CURWOOD: I understand that there may be viruses way down there?

HAZEN: Wow, this such an exciting thing! There's another whole realm that I don't think any of us ever even thought about. Viruses, which give us the flu which gives you chickenpox - these viruses also live many miles beneath the surface.

Viruses common among human life could have ancestors below Earth’s crust. (Wikimedia Commons)

Microbial life abounds deep below Earth’s crust. (Wikimedia Commons)

But there's a difference. The deep “virusphere” as it's called, infect cells not by killing them, not by giving you, you know, where a virus infects a cell and kills it and makes more copies of the virus. But deep down there are not enough cells; you don't want to kill them. So the virus takes its DNA, it inserts its DNA into cells, that DNA can stay there for tens of thousands, maybe hundreds of thousands or even millions of years, just being passed from one generation of cells to the next, without the virus itself ever making copies of itself. And only when there's a flood of new nutrients and the cells start dividing might the viruses release themselves. So these deep viruses are everywhere, extremely abundant, and yet they’re very passive in the way they behave.

CURWOOD: So what findings have you made, you think might get made, in this process that might change our current climate models?

HAZEN: Of course, atmospheric and ocean compositions are fundamentally important, but we think that also understanding the fundamental way that carbon interacts with rocks and minerals may provide the baseline of knowledge that will allow us to tackle potential climate change problems. Are there ways, for example, of sequestering carbon efficiently underground? Are there ways that you could take microbes - living things are very good in precipitating limestone in coral reefs, for example. Could we take microbes, perhaps engineer them and alter them so that they could then more rapidly sequester carbon? Rocks, minerals, life. They’re all so closely connected together that you can't change one system without changing the others. And even as life and humans in particular are changing global environment, so Earth can change and ameliorate those effects if we understand how it works. That’s what the Deep Carbon Observatory is all about, understanding how Earth works as a planet.

CURWOOD: So what implications for energy production does your research have?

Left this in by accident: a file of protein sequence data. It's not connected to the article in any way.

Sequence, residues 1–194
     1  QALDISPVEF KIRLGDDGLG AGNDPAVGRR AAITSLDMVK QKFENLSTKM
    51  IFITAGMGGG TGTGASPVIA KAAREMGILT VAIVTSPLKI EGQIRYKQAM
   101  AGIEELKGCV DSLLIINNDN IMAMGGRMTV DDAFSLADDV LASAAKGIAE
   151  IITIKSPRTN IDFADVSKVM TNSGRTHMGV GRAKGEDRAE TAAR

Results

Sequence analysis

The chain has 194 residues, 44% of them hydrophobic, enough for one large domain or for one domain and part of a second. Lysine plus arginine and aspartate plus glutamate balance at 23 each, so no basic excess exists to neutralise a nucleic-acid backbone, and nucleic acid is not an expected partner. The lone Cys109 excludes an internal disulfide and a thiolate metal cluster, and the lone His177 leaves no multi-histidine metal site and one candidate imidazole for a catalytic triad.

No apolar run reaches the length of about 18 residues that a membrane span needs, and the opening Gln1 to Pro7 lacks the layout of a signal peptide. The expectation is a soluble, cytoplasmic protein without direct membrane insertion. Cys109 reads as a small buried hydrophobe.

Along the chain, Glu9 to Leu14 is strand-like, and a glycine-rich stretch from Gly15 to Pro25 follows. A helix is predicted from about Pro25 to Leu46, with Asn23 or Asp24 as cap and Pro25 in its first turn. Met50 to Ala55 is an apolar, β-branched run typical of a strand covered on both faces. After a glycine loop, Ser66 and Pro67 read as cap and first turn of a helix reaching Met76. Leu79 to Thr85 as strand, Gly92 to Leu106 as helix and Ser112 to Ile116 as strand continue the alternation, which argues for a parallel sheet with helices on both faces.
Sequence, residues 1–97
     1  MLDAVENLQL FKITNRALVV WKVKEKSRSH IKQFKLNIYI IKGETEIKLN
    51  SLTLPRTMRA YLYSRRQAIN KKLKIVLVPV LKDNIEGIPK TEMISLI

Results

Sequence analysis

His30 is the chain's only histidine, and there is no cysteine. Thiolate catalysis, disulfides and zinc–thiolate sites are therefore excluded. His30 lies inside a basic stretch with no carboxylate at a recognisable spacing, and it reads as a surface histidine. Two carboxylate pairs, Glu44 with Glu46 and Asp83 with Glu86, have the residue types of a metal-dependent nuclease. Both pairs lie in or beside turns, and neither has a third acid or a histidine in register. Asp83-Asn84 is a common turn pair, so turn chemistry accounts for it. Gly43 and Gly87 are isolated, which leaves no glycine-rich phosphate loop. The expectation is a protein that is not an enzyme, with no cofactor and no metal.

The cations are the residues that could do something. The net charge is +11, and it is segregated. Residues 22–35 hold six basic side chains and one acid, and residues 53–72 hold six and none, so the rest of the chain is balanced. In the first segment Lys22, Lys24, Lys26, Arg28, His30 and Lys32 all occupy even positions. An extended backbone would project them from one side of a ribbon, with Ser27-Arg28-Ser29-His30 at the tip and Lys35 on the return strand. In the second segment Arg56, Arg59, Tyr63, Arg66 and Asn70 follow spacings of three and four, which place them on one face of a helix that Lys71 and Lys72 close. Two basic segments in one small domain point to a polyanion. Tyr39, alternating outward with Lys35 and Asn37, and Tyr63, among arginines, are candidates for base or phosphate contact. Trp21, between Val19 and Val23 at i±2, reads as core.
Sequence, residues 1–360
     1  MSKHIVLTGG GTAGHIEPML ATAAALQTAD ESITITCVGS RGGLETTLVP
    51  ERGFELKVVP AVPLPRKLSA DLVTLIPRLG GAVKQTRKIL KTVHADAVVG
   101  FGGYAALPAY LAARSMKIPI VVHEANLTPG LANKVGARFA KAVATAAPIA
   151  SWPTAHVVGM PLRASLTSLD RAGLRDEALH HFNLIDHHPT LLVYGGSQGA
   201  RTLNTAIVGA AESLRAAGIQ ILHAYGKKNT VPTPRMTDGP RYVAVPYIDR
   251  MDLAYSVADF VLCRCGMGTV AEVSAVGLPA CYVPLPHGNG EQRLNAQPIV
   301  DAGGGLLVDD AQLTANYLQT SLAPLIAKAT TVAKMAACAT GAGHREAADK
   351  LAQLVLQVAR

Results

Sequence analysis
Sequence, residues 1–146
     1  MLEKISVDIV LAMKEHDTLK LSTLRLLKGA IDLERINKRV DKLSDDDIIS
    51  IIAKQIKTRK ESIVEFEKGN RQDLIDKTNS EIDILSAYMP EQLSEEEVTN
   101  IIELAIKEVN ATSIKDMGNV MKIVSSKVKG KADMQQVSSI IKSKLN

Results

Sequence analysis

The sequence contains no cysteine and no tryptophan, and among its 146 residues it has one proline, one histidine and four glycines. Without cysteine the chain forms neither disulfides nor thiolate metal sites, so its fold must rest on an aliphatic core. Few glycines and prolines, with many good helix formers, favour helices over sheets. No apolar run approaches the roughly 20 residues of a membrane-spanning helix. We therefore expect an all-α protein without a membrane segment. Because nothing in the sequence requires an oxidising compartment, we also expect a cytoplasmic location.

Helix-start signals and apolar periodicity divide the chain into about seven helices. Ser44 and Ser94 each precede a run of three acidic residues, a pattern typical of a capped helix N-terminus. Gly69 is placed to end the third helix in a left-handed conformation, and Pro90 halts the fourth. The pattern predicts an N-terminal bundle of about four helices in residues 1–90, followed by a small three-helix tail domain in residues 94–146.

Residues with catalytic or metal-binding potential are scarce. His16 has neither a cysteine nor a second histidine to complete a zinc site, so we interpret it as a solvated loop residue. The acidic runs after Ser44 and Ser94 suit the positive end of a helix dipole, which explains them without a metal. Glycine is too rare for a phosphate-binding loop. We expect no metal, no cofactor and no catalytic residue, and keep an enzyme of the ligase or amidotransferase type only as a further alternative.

HAZEN: The Deep Carbon Observatory is not looking for new energy resources per se, but making fundamental discoveries about where hydrocarbons come from, about how they're distributed in the deep Earth interior, finding new deposits and new ways of forming hydrocarbons, much much deeper suggests there may be resources that we haven't tapped yet, and that there may be mechanisms for forming and processing hydrocarbons that we haven't yet realized.

CURWOOD: So at the end of the day what's really going to come out of this research, do you think?

Rough diamond (Wikimedia Commons)

HAZEN: There are lots of things we know we don't know. We don't know how much carbon is coming out of volcanoes and so we’re going to be measuring that. We’re going to be measuring and detecting these deep microbial communities. We’re going to learn new things about how diamonds form. There’s lots of things we know we don't know, and we’re going to make progress on those. What really excites me, what keeps me awake at night is discovering things that right now we can't even anticipate. But I'll tell you one thing where there's a hint of discovery, which just I find so extraordinarily exciting.

We’ve talked about deep life, but that deep microbial life can only persist to about 130 degrees Celsius. Any hotter and we don't find cells. But it looks like we're finding something. And since the origin of life, there have been places on Earth where 130 Celsius and above have persisted. It's persisted more than four billion years in Earth history. So we may be glimpsing some kind of stage in the origin of life that’s still on Earth today, is still reproducing in its very slow methodical flat way on mineral services. That's a possible discovery. I won't make any claims, but stay tuned over the next seven years. You may be getting some really big headlines.

CURWOOD: Robert Hazen is Executive Director of the Deep Carbon Observatory.



Deep Carbon Observatory

Robert Hazen’s page at the Carnegie Institution for Science site

“Carbon In Earth” page at the Deep Carbon Observatory site